Charles B. Sears (1870-1950) would likely be astonished by the UB School of Law library that bears his name. In a time when the building is locked down by necessity, that’s a good thing. The law library’s array of digital resources and the librarians' agile ability to work remotely, means these vital services have continued virtually without a stumble.
“We’re doing our best to keep everything as normal as possible in terms of providing whatever services that we can,” says Elizabeth Adelman, director of the Charles B. Sears Law Library and vice dean for legal information services. “That means doing as much as we can electronically to provide resources, and making sure that people can help themselves in using those resources.”
As they always have, patrons – students, faculty and alumni, as well as the general Western New York legal community – have access to the library staff members who can help direct them.
Staff members at home are fielding calls to the library’s reference desk (716-645-2047) during normal reference hours, 10 a.m. to 5 p.m. on weekdays and 1 p.m. to 5 p.m. on Saturdays. Patrons can also reach staff by email with their questions (firstname.lastname@example.org), and can use the chat feature on the law library’s website, law.lib.buffalo.edu.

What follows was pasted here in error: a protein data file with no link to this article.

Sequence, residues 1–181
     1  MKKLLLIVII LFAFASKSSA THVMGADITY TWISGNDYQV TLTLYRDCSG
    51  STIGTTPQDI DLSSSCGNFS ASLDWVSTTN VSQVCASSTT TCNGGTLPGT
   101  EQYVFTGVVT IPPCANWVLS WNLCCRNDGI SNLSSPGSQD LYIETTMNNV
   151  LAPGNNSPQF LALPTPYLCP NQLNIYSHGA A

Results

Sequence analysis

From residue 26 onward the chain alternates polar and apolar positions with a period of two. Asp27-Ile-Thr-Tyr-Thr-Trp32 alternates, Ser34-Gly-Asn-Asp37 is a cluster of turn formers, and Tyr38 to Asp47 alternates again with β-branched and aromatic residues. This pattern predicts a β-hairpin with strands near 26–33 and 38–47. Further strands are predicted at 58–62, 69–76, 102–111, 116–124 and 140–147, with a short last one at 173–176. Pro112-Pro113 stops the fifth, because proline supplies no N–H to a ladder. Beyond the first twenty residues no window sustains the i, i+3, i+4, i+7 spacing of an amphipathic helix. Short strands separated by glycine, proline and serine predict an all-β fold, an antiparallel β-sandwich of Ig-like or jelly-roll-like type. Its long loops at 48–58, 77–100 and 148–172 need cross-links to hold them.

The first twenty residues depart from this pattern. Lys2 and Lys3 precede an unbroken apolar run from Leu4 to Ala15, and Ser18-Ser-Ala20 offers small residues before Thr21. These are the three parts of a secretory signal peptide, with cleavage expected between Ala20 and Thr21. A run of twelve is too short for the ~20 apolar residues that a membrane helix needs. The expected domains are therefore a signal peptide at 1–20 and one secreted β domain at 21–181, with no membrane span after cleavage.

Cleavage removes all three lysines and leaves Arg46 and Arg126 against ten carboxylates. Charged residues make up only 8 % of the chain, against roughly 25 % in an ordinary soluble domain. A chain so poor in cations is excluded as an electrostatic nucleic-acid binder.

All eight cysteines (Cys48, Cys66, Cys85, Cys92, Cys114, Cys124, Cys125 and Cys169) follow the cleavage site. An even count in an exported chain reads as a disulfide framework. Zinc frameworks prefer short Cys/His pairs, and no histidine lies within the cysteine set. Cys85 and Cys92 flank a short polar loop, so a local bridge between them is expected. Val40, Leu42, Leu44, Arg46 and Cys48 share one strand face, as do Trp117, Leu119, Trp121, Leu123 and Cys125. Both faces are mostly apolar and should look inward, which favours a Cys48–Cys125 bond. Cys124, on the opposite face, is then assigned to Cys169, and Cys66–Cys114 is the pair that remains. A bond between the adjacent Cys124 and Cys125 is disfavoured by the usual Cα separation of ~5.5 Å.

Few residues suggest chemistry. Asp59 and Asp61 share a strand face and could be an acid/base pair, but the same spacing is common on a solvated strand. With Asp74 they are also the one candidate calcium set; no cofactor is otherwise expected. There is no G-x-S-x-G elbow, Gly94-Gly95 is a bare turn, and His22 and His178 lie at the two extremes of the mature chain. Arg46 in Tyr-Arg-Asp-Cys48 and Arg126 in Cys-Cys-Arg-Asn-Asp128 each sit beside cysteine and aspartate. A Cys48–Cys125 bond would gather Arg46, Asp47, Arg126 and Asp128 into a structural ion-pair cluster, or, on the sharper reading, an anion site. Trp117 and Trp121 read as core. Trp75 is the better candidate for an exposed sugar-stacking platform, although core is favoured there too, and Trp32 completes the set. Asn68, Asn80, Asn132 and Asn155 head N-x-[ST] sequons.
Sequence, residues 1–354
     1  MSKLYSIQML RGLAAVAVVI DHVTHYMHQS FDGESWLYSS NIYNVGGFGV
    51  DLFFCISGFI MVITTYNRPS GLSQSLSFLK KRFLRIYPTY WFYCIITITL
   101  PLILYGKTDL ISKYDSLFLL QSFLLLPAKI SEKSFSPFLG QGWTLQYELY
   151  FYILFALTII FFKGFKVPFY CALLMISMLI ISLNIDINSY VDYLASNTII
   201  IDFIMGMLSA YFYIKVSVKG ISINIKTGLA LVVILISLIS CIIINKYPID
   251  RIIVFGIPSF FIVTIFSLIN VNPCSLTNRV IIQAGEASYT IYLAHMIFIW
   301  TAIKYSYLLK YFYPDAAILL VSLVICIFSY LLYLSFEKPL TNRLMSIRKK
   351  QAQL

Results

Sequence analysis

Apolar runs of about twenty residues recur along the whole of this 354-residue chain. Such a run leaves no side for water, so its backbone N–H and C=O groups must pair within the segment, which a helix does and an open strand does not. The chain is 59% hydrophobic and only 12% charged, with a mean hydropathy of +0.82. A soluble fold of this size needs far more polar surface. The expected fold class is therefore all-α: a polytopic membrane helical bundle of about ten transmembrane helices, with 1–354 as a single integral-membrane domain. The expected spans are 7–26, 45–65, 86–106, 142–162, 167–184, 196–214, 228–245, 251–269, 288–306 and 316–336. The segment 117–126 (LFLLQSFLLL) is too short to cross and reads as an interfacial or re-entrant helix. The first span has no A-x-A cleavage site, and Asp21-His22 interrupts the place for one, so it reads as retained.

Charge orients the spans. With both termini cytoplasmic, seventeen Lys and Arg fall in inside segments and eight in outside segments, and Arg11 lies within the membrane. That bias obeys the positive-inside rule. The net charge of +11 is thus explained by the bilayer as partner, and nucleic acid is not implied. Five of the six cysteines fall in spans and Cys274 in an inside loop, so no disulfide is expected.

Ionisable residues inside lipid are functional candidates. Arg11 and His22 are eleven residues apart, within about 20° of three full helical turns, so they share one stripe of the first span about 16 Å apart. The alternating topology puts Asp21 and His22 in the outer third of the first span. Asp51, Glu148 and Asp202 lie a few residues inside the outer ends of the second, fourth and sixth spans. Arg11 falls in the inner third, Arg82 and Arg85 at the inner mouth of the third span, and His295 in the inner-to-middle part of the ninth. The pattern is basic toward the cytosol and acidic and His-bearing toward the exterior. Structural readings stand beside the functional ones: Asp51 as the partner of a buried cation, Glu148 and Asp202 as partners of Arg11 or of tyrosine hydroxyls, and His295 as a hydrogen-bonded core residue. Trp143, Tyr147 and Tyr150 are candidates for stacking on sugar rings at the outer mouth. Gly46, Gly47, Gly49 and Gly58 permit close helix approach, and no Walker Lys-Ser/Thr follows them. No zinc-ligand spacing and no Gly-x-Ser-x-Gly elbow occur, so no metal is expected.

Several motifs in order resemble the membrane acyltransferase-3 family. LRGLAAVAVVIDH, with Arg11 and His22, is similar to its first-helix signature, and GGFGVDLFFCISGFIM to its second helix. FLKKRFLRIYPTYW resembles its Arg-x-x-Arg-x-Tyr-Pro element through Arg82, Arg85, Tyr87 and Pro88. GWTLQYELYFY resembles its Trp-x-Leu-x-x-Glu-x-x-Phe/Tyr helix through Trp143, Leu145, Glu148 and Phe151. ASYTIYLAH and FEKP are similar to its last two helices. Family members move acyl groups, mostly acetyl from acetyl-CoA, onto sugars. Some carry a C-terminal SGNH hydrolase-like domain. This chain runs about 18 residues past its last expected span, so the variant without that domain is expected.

That availability is especially important for our local alumni. The New York State Supreme Court law library in downtown Buffalo, the other major avenue for Western New York lawyers to do legal research, is closed and has no online access.
“We’re here for our law school community,” Adelman says. “We will continue to support the research interests of the faculty and students. And we are happy to help our alumni - who we care very much about – as well as anyone who under normal circumstances would come to the law library.”
As UB School of Law students work remotely to complete their spring-semester work, librarians are making a special effort to be fully available. Besides the regular reference-desk hours, Student Services Librarian Brian Detweiler devotes an hour a week to an open Zoom meeting – essentially a face-to-face office hour for students who prefer a more interactive format. “Some students might want to have a more human touch,” Adelman says. “Sometimes people like to see who they’re talking to.”
In addition, she says, students can email or call to set up a one-on-one Zoom session to discuss a particular project – including the ability to screen-share so librarians can walk them through the technology of the research.